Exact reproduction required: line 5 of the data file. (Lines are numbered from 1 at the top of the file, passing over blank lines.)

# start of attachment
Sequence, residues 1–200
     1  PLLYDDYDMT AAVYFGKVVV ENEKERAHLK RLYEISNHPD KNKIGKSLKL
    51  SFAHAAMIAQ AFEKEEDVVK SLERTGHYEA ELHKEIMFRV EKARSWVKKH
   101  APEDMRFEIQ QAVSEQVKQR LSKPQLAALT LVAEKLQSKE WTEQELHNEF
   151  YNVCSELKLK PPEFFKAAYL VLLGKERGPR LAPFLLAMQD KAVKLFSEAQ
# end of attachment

   151  YNVCSELKLK PPEFFKAAYL VLLGKERGPR LAPFLLAMQD KAVKLFSEAQ